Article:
Princess Diana is among many people who have self-harmed. She admitted cutting her arms and legs, explaining, “You have so much pain inside yourself that you try and hurt yourself on the outside because you want help.”
[From the page Cutting.]
Physical self-harm is a complex experience, not simply explained as just a cry for help. And some physical modifications like tattooing and piercing are accepted and even culturally sanctioned.
Most of us don’t engage in cutting, but we may still self-injure in more secret, emotional ways.
In his article The role of self-punishment in Dis-ease, counselor Steve Wells mentions a participant in one of his workshops who had a migraine severe enough she was thinking of leaving.
“I asked her what she felt might have brought on the migraine,” Wells writes, “and she told me that she had been a ‘bad girl’ and had a coffee earlier that morning and this migraine was clearly coming on ‘as a punishment’ for having had that coffee!
“Now I know that drinking lots of coffee can have a negative effect on people but one coffee? That seems a little harsh to me, to have to suffer so much as a result of having just one coffee… she seemed to be manifesting the migraine in order to punish herself for being a bad girl and having that coffee!”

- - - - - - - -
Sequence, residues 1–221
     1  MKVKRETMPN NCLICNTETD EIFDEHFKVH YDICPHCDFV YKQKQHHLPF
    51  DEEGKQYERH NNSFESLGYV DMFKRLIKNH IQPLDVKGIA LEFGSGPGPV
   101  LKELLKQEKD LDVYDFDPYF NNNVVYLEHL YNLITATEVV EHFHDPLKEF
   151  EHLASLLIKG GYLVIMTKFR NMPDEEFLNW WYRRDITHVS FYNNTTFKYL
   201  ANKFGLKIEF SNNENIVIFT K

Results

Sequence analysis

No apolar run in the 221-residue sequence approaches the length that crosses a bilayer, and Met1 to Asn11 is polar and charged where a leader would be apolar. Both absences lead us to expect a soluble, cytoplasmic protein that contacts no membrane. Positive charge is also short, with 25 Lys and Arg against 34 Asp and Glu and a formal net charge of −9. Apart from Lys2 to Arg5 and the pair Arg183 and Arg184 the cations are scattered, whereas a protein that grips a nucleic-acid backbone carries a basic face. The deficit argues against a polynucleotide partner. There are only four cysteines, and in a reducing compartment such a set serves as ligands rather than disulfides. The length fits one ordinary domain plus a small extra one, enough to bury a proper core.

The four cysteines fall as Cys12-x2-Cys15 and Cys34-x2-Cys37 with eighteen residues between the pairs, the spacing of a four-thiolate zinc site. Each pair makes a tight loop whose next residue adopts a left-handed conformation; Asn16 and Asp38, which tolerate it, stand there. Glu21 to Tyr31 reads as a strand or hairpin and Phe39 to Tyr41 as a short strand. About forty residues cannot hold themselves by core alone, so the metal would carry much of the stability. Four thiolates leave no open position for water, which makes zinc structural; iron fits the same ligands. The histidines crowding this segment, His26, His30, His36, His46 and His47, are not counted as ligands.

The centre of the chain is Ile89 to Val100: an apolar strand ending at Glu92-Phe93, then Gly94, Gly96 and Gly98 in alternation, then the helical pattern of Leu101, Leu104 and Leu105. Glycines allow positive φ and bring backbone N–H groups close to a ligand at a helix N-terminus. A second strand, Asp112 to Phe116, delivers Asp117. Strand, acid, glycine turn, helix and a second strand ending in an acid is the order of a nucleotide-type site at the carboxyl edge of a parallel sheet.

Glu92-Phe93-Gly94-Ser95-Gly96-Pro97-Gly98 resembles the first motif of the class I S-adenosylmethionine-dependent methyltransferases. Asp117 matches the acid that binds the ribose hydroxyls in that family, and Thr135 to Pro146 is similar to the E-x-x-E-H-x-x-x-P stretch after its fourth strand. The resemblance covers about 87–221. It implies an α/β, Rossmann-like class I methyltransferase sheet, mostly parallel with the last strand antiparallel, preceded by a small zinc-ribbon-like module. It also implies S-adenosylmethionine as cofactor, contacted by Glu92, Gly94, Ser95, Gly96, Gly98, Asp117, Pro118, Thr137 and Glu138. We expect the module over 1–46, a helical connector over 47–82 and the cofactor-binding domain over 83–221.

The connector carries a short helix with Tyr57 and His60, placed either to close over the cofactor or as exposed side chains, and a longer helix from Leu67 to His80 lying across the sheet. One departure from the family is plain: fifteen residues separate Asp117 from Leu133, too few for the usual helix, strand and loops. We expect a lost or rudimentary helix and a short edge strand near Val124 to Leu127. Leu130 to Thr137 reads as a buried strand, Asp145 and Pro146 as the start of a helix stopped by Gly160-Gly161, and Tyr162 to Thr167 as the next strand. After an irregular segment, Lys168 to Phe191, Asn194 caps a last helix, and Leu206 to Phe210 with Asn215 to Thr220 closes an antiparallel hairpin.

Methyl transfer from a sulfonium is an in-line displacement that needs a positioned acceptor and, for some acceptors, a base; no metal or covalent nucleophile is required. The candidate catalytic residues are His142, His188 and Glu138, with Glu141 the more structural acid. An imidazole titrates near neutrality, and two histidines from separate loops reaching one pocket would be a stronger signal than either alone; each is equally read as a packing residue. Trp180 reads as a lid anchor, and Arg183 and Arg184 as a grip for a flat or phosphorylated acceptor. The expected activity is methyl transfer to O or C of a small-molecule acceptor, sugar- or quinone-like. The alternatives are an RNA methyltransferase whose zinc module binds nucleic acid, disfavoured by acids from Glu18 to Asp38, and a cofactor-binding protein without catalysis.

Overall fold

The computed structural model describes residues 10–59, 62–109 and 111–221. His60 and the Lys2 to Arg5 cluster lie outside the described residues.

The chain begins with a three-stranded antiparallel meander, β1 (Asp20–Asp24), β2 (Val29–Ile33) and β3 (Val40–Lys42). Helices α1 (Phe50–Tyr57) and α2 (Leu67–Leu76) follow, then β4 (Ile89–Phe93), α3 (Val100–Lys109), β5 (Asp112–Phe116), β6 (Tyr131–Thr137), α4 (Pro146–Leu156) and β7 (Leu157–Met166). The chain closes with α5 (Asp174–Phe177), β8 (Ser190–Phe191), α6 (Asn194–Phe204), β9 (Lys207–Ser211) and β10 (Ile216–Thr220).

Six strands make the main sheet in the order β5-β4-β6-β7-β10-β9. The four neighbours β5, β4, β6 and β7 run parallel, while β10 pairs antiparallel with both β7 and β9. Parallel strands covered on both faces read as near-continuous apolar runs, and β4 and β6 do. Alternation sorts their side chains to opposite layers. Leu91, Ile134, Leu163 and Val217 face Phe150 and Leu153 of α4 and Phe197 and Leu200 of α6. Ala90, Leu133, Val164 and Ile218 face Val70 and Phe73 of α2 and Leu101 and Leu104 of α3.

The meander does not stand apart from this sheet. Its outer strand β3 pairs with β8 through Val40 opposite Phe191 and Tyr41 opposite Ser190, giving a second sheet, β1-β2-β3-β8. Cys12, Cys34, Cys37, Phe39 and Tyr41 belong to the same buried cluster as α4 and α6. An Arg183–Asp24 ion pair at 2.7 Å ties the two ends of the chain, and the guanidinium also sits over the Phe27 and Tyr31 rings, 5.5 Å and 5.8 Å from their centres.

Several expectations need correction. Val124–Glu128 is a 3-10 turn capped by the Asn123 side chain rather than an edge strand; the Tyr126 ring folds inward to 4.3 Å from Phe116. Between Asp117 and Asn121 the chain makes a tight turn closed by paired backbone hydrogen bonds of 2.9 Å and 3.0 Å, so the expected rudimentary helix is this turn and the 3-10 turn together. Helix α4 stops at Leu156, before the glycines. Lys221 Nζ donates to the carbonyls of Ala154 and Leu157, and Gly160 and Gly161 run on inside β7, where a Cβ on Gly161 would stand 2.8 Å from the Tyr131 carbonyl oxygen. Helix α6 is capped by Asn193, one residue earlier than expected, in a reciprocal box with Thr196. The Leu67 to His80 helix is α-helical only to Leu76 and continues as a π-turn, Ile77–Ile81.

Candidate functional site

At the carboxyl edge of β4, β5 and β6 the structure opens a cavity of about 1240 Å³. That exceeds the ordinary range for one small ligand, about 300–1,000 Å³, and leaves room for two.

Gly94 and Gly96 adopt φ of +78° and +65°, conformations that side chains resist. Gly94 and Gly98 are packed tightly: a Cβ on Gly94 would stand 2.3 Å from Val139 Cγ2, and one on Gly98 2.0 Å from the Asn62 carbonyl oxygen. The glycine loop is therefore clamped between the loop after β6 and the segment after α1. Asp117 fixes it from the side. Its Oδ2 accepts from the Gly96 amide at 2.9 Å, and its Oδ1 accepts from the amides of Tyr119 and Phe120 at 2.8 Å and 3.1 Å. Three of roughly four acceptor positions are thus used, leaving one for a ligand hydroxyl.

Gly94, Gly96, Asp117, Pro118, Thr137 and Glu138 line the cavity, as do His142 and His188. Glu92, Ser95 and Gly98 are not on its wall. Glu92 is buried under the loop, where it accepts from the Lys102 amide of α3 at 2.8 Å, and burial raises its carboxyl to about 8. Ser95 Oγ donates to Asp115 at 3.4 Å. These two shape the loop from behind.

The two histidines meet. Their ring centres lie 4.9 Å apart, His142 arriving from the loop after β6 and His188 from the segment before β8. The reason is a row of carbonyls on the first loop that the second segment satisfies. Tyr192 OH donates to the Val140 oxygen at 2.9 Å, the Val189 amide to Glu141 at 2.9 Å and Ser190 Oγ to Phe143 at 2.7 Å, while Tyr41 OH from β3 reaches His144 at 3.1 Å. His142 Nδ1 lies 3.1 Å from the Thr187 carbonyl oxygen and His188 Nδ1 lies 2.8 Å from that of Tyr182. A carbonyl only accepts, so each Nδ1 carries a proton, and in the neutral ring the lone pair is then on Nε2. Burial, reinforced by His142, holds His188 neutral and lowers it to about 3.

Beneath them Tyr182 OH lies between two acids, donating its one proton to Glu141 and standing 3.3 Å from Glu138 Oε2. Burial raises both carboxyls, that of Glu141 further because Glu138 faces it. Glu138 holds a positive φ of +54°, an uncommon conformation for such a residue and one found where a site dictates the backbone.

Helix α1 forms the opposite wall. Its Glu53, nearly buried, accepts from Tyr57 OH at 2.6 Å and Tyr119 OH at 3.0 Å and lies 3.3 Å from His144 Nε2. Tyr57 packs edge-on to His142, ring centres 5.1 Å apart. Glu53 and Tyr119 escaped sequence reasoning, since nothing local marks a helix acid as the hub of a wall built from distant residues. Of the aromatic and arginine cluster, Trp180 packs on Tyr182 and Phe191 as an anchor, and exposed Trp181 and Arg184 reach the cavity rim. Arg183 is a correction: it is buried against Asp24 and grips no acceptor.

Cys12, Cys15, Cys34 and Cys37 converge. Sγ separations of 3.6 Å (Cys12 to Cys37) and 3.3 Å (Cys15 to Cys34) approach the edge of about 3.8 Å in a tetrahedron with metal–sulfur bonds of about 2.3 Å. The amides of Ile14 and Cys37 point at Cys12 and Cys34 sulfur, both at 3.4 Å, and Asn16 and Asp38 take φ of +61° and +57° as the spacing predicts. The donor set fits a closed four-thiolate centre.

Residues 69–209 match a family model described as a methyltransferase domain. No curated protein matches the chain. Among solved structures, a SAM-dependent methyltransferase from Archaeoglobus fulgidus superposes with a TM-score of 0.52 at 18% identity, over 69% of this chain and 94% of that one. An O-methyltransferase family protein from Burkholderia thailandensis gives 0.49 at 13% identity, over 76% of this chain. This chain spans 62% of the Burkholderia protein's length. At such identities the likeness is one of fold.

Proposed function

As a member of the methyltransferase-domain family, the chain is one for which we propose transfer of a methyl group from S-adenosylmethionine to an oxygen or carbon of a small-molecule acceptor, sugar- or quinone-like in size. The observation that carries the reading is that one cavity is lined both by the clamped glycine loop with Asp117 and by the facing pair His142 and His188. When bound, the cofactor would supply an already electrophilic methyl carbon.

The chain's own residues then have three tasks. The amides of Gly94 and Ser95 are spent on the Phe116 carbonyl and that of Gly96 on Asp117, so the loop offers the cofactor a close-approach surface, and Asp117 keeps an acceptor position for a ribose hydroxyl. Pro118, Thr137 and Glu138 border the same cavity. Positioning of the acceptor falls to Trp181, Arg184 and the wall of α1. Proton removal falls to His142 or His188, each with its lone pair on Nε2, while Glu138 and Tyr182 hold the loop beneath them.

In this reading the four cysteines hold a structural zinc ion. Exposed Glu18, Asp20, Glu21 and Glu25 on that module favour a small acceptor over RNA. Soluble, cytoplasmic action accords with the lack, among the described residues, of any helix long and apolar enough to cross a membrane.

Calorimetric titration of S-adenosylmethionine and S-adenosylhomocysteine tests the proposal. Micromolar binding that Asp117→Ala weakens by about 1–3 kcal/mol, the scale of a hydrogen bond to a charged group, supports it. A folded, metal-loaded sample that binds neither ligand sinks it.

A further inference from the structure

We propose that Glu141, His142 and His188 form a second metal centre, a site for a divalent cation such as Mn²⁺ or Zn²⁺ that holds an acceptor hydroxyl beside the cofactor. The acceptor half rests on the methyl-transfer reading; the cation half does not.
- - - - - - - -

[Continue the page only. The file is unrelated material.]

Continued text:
Wells adds, “The challenge with these sorts of situations is that the person often feels a victim to their own internal processes, as if what happens in their body is completely out of their control.”
Steve Wells is a practitioner of Emotional Freedom Techniques (EFT), which Bruce Lipton, PhD [author of book The Biology of Belief] describes as”a simple, powerful process that can profoundly influence gene activity, health and behavior.”
In his article Let Your Subconscious Mind Go To Work for You – Part 2, David J. Pollay notes that in his book, cell biologist Bruce Lipton reported, “…the subconscious mind… processes some 20,000,000 environmental stimuli per second v. 40 environmental stimuli interpreted by the conscious mind in the same second…”
[Also see more Positive Psychology articles.]
Psychologist Dan Neuharth, PhD advises us to be more forgiving of ourselves: “If you sometimes miss the boat, ‘step in it,’ or trip yourself up, you are not flawed, bad, or dysfunctional. You are human.”
He notes that “self-defeating behavior is a habit reinforced by biology, culture, and your individual upbringing and development. Like any habit, it can be unlearned.”
[Quotes from the page Self-limiting.]